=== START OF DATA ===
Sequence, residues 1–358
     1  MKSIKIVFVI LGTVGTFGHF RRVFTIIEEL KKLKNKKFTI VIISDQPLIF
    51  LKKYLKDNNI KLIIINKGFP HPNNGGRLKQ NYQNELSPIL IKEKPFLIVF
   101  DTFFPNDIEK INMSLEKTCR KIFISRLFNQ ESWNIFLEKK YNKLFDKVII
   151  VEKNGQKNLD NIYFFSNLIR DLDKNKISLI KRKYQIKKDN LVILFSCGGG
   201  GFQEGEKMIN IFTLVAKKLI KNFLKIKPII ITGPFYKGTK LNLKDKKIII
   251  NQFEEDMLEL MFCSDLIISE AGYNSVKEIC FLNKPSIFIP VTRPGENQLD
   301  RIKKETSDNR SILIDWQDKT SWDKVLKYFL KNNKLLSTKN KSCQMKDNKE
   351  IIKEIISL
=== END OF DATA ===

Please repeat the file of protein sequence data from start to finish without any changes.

Sequence, residues 1–358
     1  MKSIKIVFVI LGTVGTFGHF RRVFTIIEEL KKLKNKKFTI VIISDQPLIF
    51  LKKYLKDNNI KLIIINKGFP HPNNGGRLKQ NYQNELSPIL IKEKPFLIVF
   101  DTFFPNDIEK INMSLEKTCR KIFISRLFNQ ESWNIFLEKK YNKLFDKVII
   151  VEKNGQKNLD NIYFFSNLIR DLDKNKISLI KRKYQIKKDN LVILFSCGGG
   201  GFQEGEKMIN IFTLVAKKLI KNFLKIKPII ITGPFYKGTK LNLKDKKIII
   251  NQFEEDMLEL MFCSDLIISE AGYNSVKEIC FLNKPSIFIP VTRPGENQLD
   301  RIKKETSDNR SILIDWQDKT SWDKVLKYFL KNNKLLSTKN KSCQMKDNKE
   351  IIKEIISL